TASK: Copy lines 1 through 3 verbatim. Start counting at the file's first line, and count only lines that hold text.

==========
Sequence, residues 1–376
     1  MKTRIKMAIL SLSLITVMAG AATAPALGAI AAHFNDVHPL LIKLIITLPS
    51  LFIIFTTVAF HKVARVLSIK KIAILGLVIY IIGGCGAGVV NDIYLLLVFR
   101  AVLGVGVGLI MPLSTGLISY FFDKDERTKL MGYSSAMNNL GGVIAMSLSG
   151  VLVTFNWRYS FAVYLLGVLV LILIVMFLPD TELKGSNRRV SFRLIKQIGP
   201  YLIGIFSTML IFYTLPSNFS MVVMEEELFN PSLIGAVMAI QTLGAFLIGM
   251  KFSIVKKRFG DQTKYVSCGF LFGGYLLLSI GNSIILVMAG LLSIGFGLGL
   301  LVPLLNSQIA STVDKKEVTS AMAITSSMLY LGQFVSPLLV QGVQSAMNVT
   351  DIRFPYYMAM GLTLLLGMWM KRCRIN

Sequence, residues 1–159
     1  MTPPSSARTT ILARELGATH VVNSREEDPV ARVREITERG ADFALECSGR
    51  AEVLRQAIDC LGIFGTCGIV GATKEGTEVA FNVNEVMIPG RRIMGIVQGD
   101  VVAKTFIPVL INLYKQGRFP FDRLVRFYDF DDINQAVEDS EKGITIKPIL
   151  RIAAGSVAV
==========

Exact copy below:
Sequence, residues 1–376
     1  MKTRIKMAIL SLSLITVMAG AATAPALGAI AAHFNDVHPL LIKLIITLPS
    51  LFIIFTTVAF HKVARVLSIK KIAILGLVIY IIGGCGAGVV NDIYLLLVFR